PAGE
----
Study-Unit Description

Study-Unit Description


TITLE Wittgenstein's Philosophical Investigations

LEVEL 03 - Years 2, 3, 4 in Modular Undergraduate Course



DESCRIPTION The unit explores some of the central ideas of Wittgenstein's later philosophy as presented in the Philosophical Investigations (1953), starting with the claim that 'for a large class of cases, though not for all,' the meaning of a word can be defined as its use in the language. For Wittgenstein, different words function in different ways, so that, in order to teach a language, one must train a person to produce and respond to words in the context of everyday life and activities -- as part of the 'language games' in which one is involved and through which speech and action are integrated. By using some of Wittgenstein's well-known examples, the unit will show how such integration works in practice. It will also show how Wittgenstein's views on language are inextricably linked to his claims in the philosophy of mind.

Study-unit Aims:

The unit aims to introduce students to the central themes of Wittgenstein's Philosophical Investigations, including his notions of language games, family resemblance, rule-following, and the way in which our actions and concepts are interwoven. A thorough discussion of the private language argument should also enable students to appreciate Wittgenstein's point that sensations and thoughts are necessarily linked to behaviour, and that, in his words, 'an inner process stands in need of outward criteria.' This does not mean either that any reduction of the mental to the behavioural is possible or that the psychological is not real.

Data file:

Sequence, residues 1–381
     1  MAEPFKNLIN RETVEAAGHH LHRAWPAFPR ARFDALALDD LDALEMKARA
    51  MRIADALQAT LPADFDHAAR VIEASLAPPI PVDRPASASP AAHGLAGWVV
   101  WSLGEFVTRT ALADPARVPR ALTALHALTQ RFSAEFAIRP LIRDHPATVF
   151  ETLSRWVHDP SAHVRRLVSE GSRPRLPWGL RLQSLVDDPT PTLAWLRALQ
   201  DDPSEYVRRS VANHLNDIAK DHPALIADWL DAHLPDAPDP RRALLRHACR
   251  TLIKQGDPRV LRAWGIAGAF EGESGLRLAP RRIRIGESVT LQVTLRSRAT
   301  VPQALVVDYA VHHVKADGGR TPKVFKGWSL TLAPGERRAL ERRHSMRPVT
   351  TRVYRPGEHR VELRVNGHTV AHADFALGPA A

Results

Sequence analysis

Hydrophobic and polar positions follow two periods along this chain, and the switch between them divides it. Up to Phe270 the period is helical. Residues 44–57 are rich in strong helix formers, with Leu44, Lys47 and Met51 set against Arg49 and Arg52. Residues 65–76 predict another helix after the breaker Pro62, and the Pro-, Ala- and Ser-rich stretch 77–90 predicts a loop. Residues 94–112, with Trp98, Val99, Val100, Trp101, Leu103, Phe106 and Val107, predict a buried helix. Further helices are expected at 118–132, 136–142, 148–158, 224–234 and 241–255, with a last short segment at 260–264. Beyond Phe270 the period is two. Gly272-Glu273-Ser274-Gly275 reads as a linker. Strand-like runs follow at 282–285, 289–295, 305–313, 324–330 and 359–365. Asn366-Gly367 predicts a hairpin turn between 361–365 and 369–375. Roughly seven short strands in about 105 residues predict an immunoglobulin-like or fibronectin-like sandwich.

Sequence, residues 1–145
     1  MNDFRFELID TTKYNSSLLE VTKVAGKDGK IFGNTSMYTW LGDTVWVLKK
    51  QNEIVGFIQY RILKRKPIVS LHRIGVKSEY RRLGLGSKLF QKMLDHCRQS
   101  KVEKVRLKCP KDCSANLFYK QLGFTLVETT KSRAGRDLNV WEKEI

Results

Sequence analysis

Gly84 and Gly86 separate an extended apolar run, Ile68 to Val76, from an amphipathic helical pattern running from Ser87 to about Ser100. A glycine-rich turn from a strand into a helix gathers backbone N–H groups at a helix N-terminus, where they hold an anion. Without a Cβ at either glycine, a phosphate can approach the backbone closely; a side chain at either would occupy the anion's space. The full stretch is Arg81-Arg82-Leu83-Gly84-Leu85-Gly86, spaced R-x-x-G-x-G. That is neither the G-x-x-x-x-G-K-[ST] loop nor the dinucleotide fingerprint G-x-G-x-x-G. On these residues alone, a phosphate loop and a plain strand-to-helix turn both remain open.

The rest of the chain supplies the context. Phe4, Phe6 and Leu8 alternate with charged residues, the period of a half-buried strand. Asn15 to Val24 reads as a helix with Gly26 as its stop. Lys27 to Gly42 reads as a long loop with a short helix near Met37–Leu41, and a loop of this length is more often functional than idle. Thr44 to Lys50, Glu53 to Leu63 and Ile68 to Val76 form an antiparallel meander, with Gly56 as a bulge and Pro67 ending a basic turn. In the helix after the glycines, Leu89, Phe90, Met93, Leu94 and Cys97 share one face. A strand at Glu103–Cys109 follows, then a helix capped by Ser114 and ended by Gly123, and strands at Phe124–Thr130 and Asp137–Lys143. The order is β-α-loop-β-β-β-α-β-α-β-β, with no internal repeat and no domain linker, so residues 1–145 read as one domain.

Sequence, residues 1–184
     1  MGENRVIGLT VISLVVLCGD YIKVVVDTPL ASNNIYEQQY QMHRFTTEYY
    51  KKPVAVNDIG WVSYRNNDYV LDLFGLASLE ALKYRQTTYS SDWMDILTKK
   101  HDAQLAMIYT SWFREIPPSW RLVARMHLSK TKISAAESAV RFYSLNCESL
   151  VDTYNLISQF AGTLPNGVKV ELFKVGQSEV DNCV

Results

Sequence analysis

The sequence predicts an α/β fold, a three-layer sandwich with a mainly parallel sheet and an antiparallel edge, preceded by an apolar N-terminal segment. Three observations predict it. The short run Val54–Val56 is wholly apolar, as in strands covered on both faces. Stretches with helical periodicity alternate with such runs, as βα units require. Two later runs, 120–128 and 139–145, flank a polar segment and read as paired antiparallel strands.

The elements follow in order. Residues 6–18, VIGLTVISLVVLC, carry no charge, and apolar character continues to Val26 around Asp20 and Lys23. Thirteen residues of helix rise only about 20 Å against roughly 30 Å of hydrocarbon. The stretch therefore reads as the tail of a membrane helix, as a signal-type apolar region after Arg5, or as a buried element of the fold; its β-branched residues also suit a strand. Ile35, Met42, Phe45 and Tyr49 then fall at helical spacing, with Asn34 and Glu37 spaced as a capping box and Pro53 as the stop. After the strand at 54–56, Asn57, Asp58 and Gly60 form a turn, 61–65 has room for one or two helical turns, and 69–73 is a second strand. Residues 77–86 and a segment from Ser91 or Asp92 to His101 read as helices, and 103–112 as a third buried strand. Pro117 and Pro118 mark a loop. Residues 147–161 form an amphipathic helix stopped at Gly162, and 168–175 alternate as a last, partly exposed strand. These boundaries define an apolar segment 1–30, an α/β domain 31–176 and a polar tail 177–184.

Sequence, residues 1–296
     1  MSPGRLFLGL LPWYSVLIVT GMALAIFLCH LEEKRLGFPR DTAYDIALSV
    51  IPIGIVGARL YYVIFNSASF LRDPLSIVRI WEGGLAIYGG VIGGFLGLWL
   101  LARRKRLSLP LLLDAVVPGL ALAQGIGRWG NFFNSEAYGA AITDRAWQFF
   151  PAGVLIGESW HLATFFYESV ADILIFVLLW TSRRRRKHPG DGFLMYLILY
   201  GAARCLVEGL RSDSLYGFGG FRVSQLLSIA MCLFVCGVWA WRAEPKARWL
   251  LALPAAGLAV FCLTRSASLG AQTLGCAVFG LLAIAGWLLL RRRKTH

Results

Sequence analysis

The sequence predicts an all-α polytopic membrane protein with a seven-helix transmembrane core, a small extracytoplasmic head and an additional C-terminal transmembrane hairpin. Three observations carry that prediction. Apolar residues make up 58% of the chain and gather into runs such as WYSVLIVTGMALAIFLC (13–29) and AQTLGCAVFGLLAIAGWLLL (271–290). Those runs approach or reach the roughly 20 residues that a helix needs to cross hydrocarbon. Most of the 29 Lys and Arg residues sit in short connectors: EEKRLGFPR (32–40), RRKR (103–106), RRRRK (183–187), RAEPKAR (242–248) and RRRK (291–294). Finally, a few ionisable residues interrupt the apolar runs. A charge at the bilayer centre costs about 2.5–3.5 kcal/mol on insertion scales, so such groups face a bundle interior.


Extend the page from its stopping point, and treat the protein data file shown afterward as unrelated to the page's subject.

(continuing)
Learning Outcomes:

1. Knowledge & Understanding
By the end of the study-unit the student will be able to:

- engage critically with the primary text;
- identify and review relevant secondary literature concerning the primary text;
- consolidate earlier knowledge in the field of analytic philosophy.

2. Skills
By the end of the study-unit the student will be able to:

- identify and reflect upon key concepts and discussions in the Philosophical Investigations;
- present coherent arguments related to the topics in the Philosophical Investigations;
- write an assignment on the text under analysis.

Main Text/s and any supplementary readings:

Primary Text:

Wittgenstein, L. (1953) Philosophical Investigations. Trans. G.E.M. Anscombe. Oxford: Blackwell.

Secondary Texts (Compulsory):

Baker, G.P. and Hacker P.M.S. (1990) Wittgenstein: Meaning and Mind. Oxford: Blackwell.
Hacker, P.M.S. (1996) Wittgenstein's Place in Twentieth Century Analytic Philosophy. Oxford: Blackwell.
Grayling, A.C. (2001) Wittgenstein: A Very Short Introduction. Oxford: Oxford University Press.
Monk, R. (1990) Ludwig Wittgenstein. London: Jonathan Cape.


Assessment Component/s Assessment Due Resit Availability Weighting
Assignment SEM2 Yes 100%

LECTURER/S Robert Farrugia

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It should be noted that all the information in the description above applies to study-units available during the academic year 2020/1. It may be subject to change in subsequent years.